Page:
The Puny Pundit

Musings of a big guy with small thoughts.

My Song

I love to sing.  I am not great at it, but I love to sing.  I sing in the shower.  I sing in the car.  I serenade my children just about everyday.  The weird thing about my singing is not the quality, quantity, or location.  The weird thing is that my song selection does not take into consideration the gender of the author or lyrics of the song.  I frequently sing songs written and performed by women (often meant to be sung to a man).

Examples include Whitney Houston’s “How Will I Know”, Celion Dion’s “I’m Your Lady”, Salt N’ Pepa’s “What a Man”.  Most recently I have been singing the song from the Mulan sound track “Reflection”.  My favorite part of the song to sing and read is the chorus…”Who is that girl I see, staring straight back at me?  When will my reflection show who I am inside?”  I sing this song at least once a day to all my kids.  They smile.  They laugh.  They join.

Last weekend we went with some friends to Disney on Ice at the Staples Center.  We had a blast.  Our kids loved the show.  #5 was sitting on my lap enjoying the performances and clapping for each Disney character that emerged.  During the princess performances Mulan came out to the song “Reflection”.  As she skates across the ice #5 leans over and says, “Daddy, it’s your song!  It’s your song!  Look Mulan is ice skating to your song!”  That moment opened my eyes to the fact that I should probably be more careful in my song selection.  I am not sure if it is healthy that my children associate the baring of my soul as a search for the inner girl inside.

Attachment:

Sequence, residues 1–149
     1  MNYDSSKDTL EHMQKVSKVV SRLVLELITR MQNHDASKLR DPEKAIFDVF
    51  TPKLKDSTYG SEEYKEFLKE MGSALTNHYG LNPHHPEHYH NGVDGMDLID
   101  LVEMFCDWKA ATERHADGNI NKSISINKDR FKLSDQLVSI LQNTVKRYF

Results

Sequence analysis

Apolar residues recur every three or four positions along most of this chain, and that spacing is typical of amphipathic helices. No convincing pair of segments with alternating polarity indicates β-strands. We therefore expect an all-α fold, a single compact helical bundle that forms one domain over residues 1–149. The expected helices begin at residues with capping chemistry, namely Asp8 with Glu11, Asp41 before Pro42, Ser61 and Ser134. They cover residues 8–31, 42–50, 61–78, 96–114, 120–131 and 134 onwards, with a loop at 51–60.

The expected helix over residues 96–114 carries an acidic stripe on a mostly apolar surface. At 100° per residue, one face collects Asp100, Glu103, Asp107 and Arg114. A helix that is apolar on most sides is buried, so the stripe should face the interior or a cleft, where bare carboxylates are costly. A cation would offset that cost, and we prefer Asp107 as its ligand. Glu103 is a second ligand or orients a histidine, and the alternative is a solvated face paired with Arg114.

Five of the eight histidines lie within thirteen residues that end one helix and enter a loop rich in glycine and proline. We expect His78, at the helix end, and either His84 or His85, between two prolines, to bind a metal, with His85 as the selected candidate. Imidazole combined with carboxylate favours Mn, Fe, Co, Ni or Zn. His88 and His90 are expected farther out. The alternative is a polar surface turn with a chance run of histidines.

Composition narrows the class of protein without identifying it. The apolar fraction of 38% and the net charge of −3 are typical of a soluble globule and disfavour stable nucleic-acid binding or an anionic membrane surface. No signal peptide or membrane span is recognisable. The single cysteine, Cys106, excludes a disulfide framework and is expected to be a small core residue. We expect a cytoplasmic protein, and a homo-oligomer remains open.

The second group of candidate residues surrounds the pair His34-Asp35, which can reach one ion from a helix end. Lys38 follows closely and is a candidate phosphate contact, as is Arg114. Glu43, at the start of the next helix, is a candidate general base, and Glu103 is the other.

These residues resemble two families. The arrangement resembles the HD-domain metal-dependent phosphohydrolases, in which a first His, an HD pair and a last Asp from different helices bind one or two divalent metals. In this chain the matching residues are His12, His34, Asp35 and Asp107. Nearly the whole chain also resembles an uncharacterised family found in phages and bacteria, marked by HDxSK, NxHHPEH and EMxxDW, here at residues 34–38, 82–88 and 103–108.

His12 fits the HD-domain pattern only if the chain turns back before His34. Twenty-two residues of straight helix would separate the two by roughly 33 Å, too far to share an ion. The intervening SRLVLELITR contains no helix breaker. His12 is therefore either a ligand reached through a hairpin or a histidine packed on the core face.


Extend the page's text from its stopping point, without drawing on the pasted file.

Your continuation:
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Childolatry | The Idols Our Kids Make

Last week we had some guests come over so my wife asked the kids to come downstairs so she could explain their duties and delegate some work.  The kids have a way of knowing when they are going to be used for labor so they took their time coming down, some of them complaining as they made their way into the living room.  My wife, understandably frustrated because there was so much to do, sat the kids down to let them know what she thought about their attitude.

This led to a conversation that revealed the idols of my children’s hearts.  If you haven’t been reading this blog click here for an explanation of idols.  The amazing thing is that all of my kids have different idols (good things made ultimate things).


My oldest is just like me…her idol is power.  We are driven by our ambitions to achieve and succeed.  Our greatest fear is humiliation so we never attempt things in public that we first haven’t perfected in private.  When #1 complained about cleaning she expressed frustration because she felt there was no point.  #4 and #5 were gonna mess everything up an hour later so what was the point, she argued.  You see people who struggle with power (like me) are results oriented.  Show me the money.  If the results are not up to par, we get frustrated and angry.  So #1 expressed her complaints through this part of her heart.  Power.